Tuesday, 6 July 2010

Monitor Calibration – Spyder 3 Express

I notice that the exercises leading up to Assignment 3 call for a colour calibrated monitor. Until now I have relied on a ‘by eye’ calibration. This has been relatively satisfactory as I have done little print work and generally view my images on a single monitor.
However I have noticed that images look considerably bluer on my netbook than on my desktop. As I am using this more for the course – to make better use of the time I spend in hotels on business – it seemed sensible to calibrate my monitors so that I could be reasonably sure that a change to an image on one system would have the same effect on the other.
Datavision Spyder 3 Express arriving for my birthday. My first impression was that it looked quite ‘neat’. It was well presented, appears reasonably robust and came with a microfibre screen cloth. Installation of the software is simple, then it is just a matter of starting it up, plugging the calibrator into a USB slot, placing over a nicely outlined patch on the screen and setting it to run. (You need to warm up the monitor for at least 30 minutes before starting)
First time around it runs through several different colours at gradually increasing levels of brightness in a process that takes about 5 minutes. It then calculates a monitor profile and gives you a chance to see the before and after effects before implementing the new profile.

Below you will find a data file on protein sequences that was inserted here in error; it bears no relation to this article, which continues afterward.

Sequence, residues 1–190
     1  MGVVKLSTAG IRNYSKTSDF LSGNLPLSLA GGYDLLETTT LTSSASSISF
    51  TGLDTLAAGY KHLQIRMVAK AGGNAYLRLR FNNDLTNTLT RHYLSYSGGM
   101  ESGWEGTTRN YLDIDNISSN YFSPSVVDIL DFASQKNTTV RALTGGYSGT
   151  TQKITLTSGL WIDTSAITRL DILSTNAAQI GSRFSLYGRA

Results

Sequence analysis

It also reminds you to recalibrate every couple of weeks – and that’s all there is to it at this level.
The results were not dramatic, but were certainly noticeable. On my desktop it made the images ‘cooler’, and considerably increased the depth of the blacks. On my netbook it had similar effects on the contrast and removed the blue cast which I mentioned. All a bit of an anti-climax really, but it was nice to see that images now appear very similar on both monitors.
Of course, proper colour management is more complex than this – for example the piece of kit I bought does not allow me to calibrate my printer. Maybe an Xmas present in waiting.
A few notes on colour management
As my experience with monitors shows, different bits of kit display colours differently. This is particularly true of monitors and printers because they produce colours in different ways, and although the ranges of colours they produce overlap, they are not the same. I’m sure most of us have printed pictures or received them back from the processor and felt a little disappointed with the output when compared with a monitor. The purpose of colour management is to ensure that as you move from one device to another the colours you see are kept as close as possible.
In round terms a colour profile is a set of information that allows a device to make a reasonable attempt at mapping the colour information in the image file to the colours that it is capable of outputting.
For a moderately technical description I found this Wiki article quite useful, and there is also a long but helpful article on the Datavision website (obviously biased to their products but none the worse for that). Cambridge in Colour also has an excellent set of articles on the same issue,as well as several other helpful tutorials.

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